In a time when “going green,” “carbon footprints” and “sustainable” are key phrases in almost everything we do, dining is no exception. How can we ensure that our eating habits are low-impact on the global environment? There are many answers to that question but one is to shop and eat locally. That means purchasing foods from local producers and eating at restaurants that are locally sourced.
Why is this important? For one, you support local farmers and producers, keeping the economy of your regional community alive and keeping the little guys in business. For another, the less traveling products have to do, the less pollution in the air and the less fuel is consumed. For example, I live in New York City. If I buy apples harvested from a farm upstate or even New Jersey, it’s hasn’t come from that far away. So, less gas and less emissions in the air. And my neighbor gets to feed his family for one more week. It’s both ethical and environmentally responsible.
People who adhere to this practice are called “locavores.” Yes, that’s an actual word. If you don’t believe me, flip open the pages of the New Oxford American Dictionary (yeah, that’s old school, but there’s nothing like riffling through the thin, crisp pages of a dictionary), which chose “locavore” as its Word of the Year in 2007.
For foodies on the road, there’s a special treat in eating locally. It’s not hard to figure out what that is: It’s the opportunity to sample the regional cuisine, the stuff the local people eat, which is—logically—based on whatever grew/grows in the area.
I’ve done a lot of research on global cuisine for my cookbooks and articles and realized something: What distinguishes one country’s or region’s dish from another’s can be one little ingredient, something as simple as a spice or the type of noodle used or the ratio of meat to vegetables.
Cultures around the world have more in common than they realize, but that one little ingredient difference is what makes food unique from one part of the world to another. And travelers are no longer content with dining in four- and five-star restaurants, or the latest venue written up in a swanky magazine. They want to experience real, true, honest local cuisine. And that, to me, is what travel is really about. Not just seeing the sights or hanging out in the hippest lounge with a fancy-schmantzy cocktail. It’s about experiencing the culture, and the most intrinsic element of any culture is its cuisine.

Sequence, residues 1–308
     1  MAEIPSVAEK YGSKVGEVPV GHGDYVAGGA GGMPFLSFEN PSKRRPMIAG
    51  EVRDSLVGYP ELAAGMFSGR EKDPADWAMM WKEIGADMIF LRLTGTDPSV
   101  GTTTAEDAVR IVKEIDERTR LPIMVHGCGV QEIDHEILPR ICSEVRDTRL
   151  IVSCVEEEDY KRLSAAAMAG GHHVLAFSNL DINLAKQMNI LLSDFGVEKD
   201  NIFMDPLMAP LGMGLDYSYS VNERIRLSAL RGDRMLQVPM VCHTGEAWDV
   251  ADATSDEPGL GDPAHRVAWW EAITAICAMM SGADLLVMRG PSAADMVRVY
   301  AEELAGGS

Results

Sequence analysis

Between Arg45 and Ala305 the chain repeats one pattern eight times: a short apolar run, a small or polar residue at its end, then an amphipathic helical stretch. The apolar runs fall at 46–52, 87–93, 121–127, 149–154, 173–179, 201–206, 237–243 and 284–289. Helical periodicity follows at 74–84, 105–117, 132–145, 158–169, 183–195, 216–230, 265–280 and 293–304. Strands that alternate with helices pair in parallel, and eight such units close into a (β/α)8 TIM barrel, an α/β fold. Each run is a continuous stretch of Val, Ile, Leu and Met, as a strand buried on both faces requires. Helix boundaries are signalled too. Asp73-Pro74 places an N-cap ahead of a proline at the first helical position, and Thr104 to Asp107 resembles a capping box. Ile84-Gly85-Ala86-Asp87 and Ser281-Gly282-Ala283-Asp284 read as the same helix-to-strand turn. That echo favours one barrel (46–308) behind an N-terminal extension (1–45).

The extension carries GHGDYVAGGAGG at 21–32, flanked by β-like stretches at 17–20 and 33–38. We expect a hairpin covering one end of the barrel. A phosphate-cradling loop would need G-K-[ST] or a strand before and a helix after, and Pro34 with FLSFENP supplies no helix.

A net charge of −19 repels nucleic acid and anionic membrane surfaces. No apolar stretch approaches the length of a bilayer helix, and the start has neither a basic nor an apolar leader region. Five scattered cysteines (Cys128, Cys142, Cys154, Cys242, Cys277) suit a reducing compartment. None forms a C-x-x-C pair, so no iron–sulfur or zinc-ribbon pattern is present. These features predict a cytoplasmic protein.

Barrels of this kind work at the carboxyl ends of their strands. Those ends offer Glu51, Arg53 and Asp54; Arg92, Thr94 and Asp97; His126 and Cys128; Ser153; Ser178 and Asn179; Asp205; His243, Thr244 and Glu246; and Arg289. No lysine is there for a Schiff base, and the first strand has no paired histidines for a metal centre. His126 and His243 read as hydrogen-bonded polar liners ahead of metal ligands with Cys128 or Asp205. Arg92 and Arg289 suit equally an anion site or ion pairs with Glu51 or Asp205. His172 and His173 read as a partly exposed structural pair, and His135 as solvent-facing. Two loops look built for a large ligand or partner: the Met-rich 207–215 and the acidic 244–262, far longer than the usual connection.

Travel agents and tour operators have caught onto this fact and culinary tours that feature meals at local eateries or lessons in local cooking techniques with local ingredients are all the rage. Hotel restaurants are jumping on this trend as well. Four properties whose restaurants are catering to locavores recently came to my attention:
Cotswold House in Chipping Campden, UK; Windham Hill Inn in West Townshend, VT; Caneel Bay, A Rosewood Resort on St. John, U.S.V.I.; and Hotel Caesar Augustus on Capri, Italy. All of these properties source the ingredients for their restaurants locally. The Windham Hill and Hotel Caesar Augustus both have their own herb and vegetable gardens as well. Additionally, Windham Hill is a member of the Vermont Fresh Network, which “builds innovative partnerships among farmers, chefs and consumers to strengthen Vermont’s agriculture.”
For travelers who want to go green for environmental reasons, or simply feel that when in Rome, eat what the Romans eat, hotels and restaurants that follow the locavore philosophy are the way to go. They’re not as difficult to find as it might seem—more and more properties are doing it. Who knows, our planet might just survive yet.